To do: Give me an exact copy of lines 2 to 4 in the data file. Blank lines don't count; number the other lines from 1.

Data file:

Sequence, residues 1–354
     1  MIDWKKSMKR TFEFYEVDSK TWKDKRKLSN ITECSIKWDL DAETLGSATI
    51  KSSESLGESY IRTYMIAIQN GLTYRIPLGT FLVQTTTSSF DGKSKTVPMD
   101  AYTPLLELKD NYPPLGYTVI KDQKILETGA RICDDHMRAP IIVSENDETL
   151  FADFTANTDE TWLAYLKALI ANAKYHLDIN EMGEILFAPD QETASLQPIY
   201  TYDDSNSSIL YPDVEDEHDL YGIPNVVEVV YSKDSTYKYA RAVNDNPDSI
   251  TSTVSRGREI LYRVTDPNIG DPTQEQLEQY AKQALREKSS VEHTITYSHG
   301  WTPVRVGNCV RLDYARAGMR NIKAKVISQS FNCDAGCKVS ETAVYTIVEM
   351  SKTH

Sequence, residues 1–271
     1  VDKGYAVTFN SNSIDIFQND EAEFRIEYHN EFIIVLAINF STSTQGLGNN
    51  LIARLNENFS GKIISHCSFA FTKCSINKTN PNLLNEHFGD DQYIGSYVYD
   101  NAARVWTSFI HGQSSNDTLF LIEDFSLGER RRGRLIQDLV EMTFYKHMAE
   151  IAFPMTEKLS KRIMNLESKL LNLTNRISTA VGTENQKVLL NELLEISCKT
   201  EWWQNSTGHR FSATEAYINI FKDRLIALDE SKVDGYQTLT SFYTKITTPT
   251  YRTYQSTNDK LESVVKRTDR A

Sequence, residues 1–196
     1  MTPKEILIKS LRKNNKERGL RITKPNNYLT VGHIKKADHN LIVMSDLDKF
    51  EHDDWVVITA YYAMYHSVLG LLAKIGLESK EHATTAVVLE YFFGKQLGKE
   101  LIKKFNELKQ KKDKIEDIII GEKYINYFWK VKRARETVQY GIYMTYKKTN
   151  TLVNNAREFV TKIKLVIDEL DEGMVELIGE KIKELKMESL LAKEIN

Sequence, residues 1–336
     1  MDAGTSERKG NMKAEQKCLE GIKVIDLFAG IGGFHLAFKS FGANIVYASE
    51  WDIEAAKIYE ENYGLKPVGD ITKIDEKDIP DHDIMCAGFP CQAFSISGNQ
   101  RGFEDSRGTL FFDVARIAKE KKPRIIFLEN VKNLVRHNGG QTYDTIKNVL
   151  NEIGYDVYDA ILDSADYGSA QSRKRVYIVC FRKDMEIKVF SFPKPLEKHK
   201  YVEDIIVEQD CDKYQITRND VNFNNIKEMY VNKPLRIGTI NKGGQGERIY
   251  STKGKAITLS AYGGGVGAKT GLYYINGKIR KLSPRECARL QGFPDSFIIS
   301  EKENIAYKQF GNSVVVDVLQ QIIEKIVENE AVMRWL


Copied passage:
     1  MIDWKKSMKR TFEFYEVDSK TWKDKRKLSN ITECSIKWDL DAETLGSATI
    51  KSSESLGESY IRTYMIAIQN GLTYRIPLGT FLVQTTTSSF DGKSKTVPMD
   101  AYTPLLELKD NYPPLGYTVI KDQKILETGA RICDDHMRAP IIVSENDETL